medical residents

Crain’s New York Business

The 2021 job market for physicians completing residency was not as strong as it was pre-pandemic, and a lack of diversity among the resident population persists, according to a new report from the Center for Health Workforce Studies.

New York’s graduating physicians had fewer job options in 2021 compared to 2019, the survey found. About 35% of residents reported it was difficult to find a satisfactory job; 38% of them attributed the issue to a lack of jobs overall, and 38% said it was hard to find a satisfactory job because there weren’t many options in the places they most wanted to work. Furthermore, 21% of residents said they had to change post-graduation plans because of limited job opportunities.

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An innovative training program bringing medical residents to Cayuga Medical Center in 2019 for their residencies will help attract new primary care physicians to the region. With more primary care physicians, patients will find it easier to schedule medical visits and enroll as new patients with medical practices…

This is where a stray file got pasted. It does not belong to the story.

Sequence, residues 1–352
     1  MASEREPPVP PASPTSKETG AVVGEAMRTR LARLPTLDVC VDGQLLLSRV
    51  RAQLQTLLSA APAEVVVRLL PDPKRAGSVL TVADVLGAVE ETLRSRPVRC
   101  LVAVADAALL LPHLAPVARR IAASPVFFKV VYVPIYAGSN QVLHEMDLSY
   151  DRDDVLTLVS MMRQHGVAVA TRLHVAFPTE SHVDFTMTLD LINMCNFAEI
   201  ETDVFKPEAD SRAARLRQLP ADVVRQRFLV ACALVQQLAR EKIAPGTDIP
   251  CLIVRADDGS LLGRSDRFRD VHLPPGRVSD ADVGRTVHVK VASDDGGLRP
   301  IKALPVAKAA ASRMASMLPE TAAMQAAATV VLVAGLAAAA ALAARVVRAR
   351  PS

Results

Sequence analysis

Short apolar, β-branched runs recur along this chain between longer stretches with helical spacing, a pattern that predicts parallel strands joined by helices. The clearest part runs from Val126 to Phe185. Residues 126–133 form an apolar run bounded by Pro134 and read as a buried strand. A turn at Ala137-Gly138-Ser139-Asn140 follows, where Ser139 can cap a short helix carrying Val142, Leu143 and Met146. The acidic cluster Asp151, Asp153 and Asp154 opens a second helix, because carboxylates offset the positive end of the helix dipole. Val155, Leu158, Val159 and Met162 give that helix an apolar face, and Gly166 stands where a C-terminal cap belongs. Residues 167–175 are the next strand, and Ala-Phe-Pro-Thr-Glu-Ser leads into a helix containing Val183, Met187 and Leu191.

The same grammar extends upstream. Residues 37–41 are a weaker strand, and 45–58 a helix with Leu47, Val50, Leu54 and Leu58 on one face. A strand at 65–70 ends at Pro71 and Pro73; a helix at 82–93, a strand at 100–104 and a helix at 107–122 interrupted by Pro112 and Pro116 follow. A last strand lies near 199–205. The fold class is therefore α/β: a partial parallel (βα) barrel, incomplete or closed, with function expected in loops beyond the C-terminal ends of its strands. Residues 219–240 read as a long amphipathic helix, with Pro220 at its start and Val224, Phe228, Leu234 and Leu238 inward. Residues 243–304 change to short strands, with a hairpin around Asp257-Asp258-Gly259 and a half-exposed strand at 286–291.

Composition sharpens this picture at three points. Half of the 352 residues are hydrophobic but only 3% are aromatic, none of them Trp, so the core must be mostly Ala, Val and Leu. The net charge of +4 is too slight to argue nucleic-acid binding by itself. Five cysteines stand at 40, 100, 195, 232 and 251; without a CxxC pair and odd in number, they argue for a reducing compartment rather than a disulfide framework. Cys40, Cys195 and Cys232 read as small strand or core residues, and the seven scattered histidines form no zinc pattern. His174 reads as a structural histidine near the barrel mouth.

…Tompkins and nearby counties face a growing shortage of primary care physicians. A 2017 study by the School of Public Health at the State University of New York at Albany found large differences in where primary care physicians practice in the eight-county Southern Tier region. The area’s urban counties of Tompkins, Broome and Chemung have one primary care physician for about every 900 residents. In the region’s five rural counties, there is one primary care physician for about every 1,700 residents. Community health planners predict a growing shortage of primary care doctors in all Southern Tier counties as the region’s existing physicians retire, and its demographics shift to an older population needing more primary health care services.

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